Who gets athlete’s foot and how do you get it?
Athlete’s foot is a common fungal infection of the skin on the feet. Fungal germs (fungi) often occur in small numbers on human skin where they usually do no harm. However, if conditions are right they can invade the skin, multiply, and cause infection. The conditions fungi like best are warm, moist and airless areas of skin, such as between the toes.
Anyone can get athlete’s foot. Athlete’s foot can also be passed on from person to person. For example, this may occur in communal showers used by athletes or swimmers. A tiny flake of infected skin from a person with athlete’s foot can fall off whilst showering. It may then be trodden on by others who can then develop the infection. Once a small patch of infection develops, it typically spreads along the skin.
What are the symptoms of athlete’s foot?
The skin between the little toes tends to be affected at first. A rash develops that becomes itchy and scaly. The skin may become cracked and sore. Tiny flakes of infected skin may fall off. The rash may spread gradually along the toes if left untreated. In some cases it spreads to the soles. Occasionally, the infection causes a scaling rash on the entire sole and side of the foot.
For a list of websites that contain pictures of skin conditions, including those of fungal skin infections, see www.healthsaying.com/showdoc/1097
Is athlete’s foot serious?
Usually not. Most people treat their itchy toes before it spreads. Sometimes the infection spreads to the skin on other parts of the body. These are usually the moist and airless parts of the skin such as the groin. Fungi do not usually go deeper than the skin into the body. However, other germs (bacteria) may enter through the cracked skin of untreated athlete’s foot. This can occasionally cause more serious infections of the foot or leg.
The infection sometimes spreads to a nail. This can be treated. However, it takes several weeks of antifungal tablets to clear the infection from a nail. Therefore, it is best to treat athlete’s foot as soon as symptoms start.
What is the treatment for athlete’s foot?
You can buy an antifungal cream from pharmacies, or get one on prescription. There are various types and brands – for example: terbinafine, clotrimazole, econazole, ketoconazole, and miconazole. These modern creams are good at clearing fungal skin infections.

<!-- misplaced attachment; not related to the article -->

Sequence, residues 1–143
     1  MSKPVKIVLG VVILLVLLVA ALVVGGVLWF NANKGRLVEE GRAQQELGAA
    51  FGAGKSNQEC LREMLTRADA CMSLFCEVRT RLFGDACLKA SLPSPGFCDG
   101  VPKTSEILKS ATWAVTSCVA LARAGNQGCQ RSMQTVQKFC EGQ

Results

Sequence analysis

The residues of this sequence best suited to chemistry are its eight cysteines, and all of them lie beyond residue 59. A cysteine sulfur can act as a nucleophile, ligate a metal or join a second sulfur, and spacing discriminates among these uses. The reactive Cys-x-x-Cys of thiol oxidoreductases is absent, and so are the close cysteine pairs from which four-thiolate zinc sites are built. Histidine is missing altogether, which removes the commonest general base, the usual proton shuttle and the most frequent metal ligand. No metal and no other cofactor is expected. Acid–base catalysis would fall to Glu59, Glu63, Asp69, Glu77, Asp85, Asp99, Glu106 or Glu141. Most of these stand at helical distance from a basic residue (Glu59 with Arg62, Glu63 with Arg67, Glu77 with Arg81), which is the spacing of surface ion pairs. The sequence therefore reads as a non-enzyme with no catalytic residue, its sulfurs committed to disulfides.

- Apply the cream to the surrounding 4-6 cm of normal skin in addition to the rash.
- Apply for as long as advised. This varies between the different creams, so read the instructions carefully. Although the rash may seem to go quite quickly, you still need to apply the cream for 1-2 weeks after the rash has gone. This is to clear the fungi completely from the skin, which will prevent the rash from returning.
- For skin that is particularly inflamed, your doctor may prescribe an antifungal cream combined with a mild steroid cream. This would normally be used for no more than seven days. You may need to continue with an antifungal cream alone for a time afterwards. The steroid reduces inflammation and may ease itch and redness quickly. However, the steroid does not kill the fungus and so a steroid cream alone should not be used.
An antifungal tablet is sometimes prescribed if the infection does not clear with a cream, or if the infection is severe, or if the infection is in many places on the skin in addition to the toes. For example, terbinafine, griseofulvin, or itraconazole tablets.
Not all treatments are suitable for everyone. Women who are pregnant or breast-feeding, people with other conditions or who are on other medication, or children aged under 12 may not be able to use certain types of treatment. Check with your doctor or pharmacist if you come into one of these groups.
You do not need to stay away from work, school or sports. However, try to keep your feet covered in communal changing areas until the rash is gone. Also, try not to scratch the affected skin, as this may spread infection to other sites.
The following tips may prevent athlete’s foot recurring
- Wash your feet daily, and dry the skin between your toes thoroughly after washing. This is perhaps the most important point. It is tempting to put socks on when your feet are not quite dry. The soggy skin between the toes is then ideal for fungi to grow.
- Do not share towels in communal changing rooms. Wash towels frequently.
- Change your socks daily. Fungi may multiply in flakes of skin in unwashed socks. Cotton socks and leather footwear are probably better than nylon socks and plastic footwear, which increase sweating.
- Ideally, alternate between different shoes every 2-3 days to allow each pair to dry out fully after being worn.
- Ideally, wear flip-flops or plastic sandals in communal changing rooms and showers. This prevents the soles of your feet coming into contact with the ground, which may contain flakes of skin from other people.
- Ideally, when at home, leave your shoes and socks off as much as possible to let the air get to your feet. However, this may not be practical for some people.
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